Katz on Kirby and Meskin:

Jack represented a boss who was handling a very unusual art form. He was very much in command. The only one who could say stupid things to him was Mort Meskin. Mort had a window seat. He’s say, “Get up!, Get up!” and a girl would be walking around in a bathing suit. And Jack would say, “Would you sit the F**k down.”This happened almost every day. One day Mort brought in some pornographic toys, Queen-sized fake breasts. He shows them to Kirby. Jack says, “What are you doing?” Mort puts the breasts on the floor and starts jumping up and down on them. Jack told him to stop, and get back to work. Mort said, “I can’t because I had a date with a disgusting pig, and I’m taking out revenge.

Katz on Kirby and the War:

Jack was involved in horrific situations where he had to do the ultimate thing. He wasn’t ashamed, but he felt deep regret over the fact that he had to kill people. When he talked to me about these things, his eyes were very deep in the past. It was extraordinary. Sometimes I noticed him staring out the window, and from the look in his eyes it was apparent that he was reliving the war.

3) And finally, I really enjoyed this account of Kirby’s war experiences from Jack Kirby Collector 27, as posted by early biographer Ray Wyman. Like Jeet, I think Kirby’s war experiences are crucial to his output and kind of underplayed in contemporary accounts of his life.

Labels: , , , ,

Tom Knows Best


Monday, February 22, 2010

Read Comment (1)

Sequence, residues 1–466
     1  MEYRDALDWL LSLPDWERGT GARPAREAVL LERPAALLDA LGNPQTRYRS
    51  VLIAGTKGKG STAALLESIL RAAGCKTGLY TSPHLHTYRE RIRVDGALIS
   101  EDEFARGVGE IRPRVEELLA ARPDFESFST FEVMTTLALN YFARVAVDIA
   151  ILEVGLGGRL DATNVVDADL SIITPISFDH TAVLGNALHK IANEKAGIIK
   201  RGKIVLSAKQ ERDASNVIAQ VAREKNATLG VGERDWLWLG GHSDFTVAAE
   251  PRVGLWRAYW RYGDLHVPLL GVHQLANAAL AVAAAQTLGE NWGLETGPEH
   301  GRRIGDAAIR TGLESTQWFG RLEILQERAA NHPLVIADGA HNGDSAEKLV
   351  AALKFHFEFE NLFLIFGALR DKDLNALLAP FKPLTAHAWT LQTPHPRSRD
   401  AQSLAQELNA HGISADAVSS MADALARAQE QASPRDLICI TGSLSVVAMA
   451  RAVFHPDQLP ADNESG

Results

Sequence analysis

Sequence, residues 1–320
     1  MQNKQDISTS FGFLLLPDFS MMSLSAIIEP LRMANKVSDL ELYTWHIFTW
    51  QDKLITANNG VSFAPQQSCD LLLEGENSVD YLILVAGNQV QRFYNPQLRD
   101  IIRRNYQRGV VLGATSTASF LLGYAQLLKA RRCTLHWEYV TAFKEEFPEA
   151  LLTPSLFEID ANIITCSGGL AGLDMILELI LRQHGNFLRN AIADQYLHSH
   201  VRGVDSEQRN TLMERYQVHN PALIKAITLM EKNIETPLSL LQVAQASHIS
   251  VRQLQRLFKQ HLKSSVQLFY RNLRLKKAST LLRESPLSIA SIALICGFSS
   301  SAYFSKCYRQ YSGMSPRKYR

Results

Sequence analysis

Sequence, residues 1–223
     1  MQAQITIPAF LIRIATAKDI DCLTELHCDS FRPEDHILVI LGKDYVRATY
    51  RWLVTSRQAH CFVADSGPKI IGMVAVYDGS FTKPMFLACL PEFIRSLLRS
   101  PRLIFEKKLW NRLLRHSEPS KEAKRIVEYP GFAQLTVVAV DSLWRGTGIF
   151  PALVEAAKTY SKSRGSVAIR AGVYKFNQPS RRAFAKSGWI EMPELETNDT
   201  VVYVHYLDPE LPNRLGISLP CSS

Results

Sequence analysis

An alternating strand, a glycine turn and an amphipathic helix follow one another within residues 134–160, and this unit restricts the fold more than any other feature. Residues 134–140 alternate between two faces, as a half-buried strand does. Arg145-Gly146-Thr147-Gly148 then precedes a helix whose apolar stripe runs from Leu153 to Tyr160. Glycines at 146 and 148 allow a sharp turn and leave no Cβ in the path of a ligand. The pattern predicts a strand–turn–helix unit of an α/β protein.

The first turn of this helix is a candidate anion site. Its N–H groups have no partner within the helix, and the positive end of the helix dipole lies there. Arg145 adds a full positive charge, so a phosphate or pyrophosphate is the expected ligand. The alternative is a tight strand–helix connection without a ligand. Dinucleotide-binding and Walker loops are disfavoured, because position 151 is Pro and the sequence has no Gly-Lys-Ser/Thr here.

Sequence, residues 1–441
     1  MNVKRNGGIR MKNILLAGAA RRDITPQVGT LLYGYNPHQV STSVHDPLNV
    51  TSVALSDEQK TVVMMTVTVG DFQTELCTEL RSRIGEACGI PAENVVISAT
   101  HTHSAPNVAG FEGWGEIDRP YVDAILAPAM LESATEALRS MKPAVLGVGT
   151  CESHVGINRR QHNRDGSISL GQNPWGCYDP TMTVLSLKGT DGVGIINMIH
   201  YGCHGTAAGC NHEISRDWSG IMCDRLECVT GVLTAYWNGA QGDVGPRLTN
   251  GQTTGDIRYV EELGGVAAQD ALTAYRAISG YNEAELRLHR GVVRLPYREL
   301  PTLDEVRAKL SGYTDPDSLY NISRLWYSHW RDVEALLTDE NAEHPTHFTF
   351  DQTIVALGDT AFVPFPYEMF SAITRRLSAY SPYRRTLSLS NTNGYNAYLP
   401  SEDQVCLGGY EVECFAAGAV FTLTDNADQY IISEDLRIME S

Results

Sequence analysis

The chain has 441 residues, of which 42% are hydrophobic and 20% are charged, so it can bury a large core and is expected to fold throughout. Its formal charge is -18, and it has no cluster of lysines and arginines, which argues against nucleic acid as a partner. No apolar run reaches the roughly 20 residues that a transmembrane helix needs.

I promise not to link to every nice review about the book, but Tom Spurgeon’s is the first substantive take on the book and he does a better job than I ever could of explaining it and what I hope is its appeal. It’s heartwarming, even for grouchy ol’ me, to have my work, and that of the cartoonists, so well discussed.

Labels: , , ,

A Little More About Herbert Crowley


Tuesday, February 16, 2010

Read Comments (4)

The other day I received the kind of email that I always dream of, to be frankly nerdy about it. Herbert (“The Wigglemuch”) Crowley was  the most mysterious cartoonist I documented in Art Out of Time. And he mostly remained so after publication. But two weeks ago a woman in Zurich identified herself as Crowley’s niece and sent along some pictures and info about Crowley and said she’d be in NYC in a week and would I like to meet with her. Well I did, and we met, and, yes folks, there is a Herbert Crowley archive. Not a huge one, and not quite enough to fill out his entire life, but quite a bit, including voluminous sketchbooks, a scrapbook, passports, and more. Now, when I published Art Out of Time, I knew nothing, not even birth and death dates. I know a whole lot more now, and as I learn yet more I’ll update you, my tiny, tiny public. (more…)

Labels: , ,